The death toll in Maui now stands at 115, while at least a thousand people are still unaccounted for. Over 3,000 acres burned in Lāhainā and neighboring communities. Eighty percent of this historic town was burned.
Called Lele in the Hawaiian language, Lāhainā was the capital of the Kingdom of Hawai’i from 1802-1812 and again from 1820-1845. Native Hawai’ians have inhabited the islands for about 1,500 years. U.S. imperialism annexed Hawai’i in 1898.
Native heritage was torched while its present-day people remain unhoused, fending for themselves through mutual aid and solidarity.
While there are differences between Katrina and the Maui fire, the negligence and contributing factors to this disaster have similar causes and culprits.
There were no warning sirens enacted by the local government, leaving families to scramble, trapped in the inferno. Many died in cars trying to escape.
Just as New Orleans levees went unrepaired, there is mounting evidence pointing to the Hawaiian Electric Company, which failed to properly shut off the electricity. Today there are nine different lawsuits aimed at holding the electric company accountable.
Like the irony of Louisiana National Guard members who returned to no homes, it is unnerving that there was no action by the U.S. military to counter the fires in Hawai’i’.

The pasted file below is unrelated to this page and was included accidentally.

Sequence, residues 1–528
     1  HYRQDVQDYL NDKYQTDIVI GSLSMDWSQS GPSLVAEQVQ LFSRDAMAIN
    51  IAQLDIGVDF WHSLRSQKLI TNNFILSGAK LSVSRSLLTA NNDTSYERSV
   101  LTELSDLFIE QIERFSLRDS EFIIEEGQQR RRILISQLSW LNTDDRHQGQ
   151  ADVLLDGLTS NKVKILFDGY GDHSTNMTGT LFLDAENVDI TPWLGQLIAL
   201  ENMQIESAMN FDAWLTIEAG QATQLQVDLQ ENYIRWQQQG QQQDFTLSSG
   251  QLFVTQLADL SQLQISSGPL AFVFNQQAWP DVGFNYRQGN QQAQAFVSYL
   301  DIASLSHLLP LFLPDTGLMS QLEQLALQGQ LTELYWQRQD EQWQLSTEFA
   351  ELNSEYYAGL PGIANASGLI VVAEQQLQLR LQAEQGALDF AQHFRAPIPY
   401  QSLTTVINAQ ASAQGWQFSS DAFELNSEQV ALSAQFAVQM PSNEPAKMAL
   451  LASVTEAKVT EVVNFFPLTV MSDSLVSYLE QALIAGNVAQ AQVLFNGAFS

Hawai’i’ is the headquarters of the U.S. Indo-Pacific Command. While trillion-dollar warships, aircraft carriers, and submarines are dispatched to the South China Sea to threaten the people of China, no one from the U.S. military base was rushed to the dreadful scene to save the people of Maui.
Almost simultaneously, President Biden met at Camp David, Maryland’s presidential retreat, with Japanese and South Korean leaders to escalate threats against both China and the Democratic People’s Republic of Korea (North Korea).
While $200 million in additional military aid to the U.S./NATO proxy war in Ukraine was announced, the Federal Emergency Management Agency (FEMA) plans to pay out a measly $700 per Lāhainā household.
The latest threat is from profit-mad developers who seek to permanently displace the working class and Indigenous people who lived on the land. The story is the same whether it is New Orleans or Puerto Rico — capitalists, land-grabbers, profit while people die and suffer.
Resistance will be crucial.
It’s high time to change our language. There is nothing natural about what happened in New Orleans, Maui, Puerto Rico, or in many other places – far too many to enumerate in a short article.
Global capitalism, its systemic climate crisis, imperialist war and occupation, white supremacy and colonialism, and the refusal to plan or prevent the loss of life and horrific suffering that follows, is not natural — it is murder by a ruthless system that not only has a name, capitalism, but also faces: the capitalist ruling class.
This writer traveled to New Orleans following Hurricane Katrina to participate in protests demanding justice for the Ninth Ward, witnessing much of the destruction following the storm.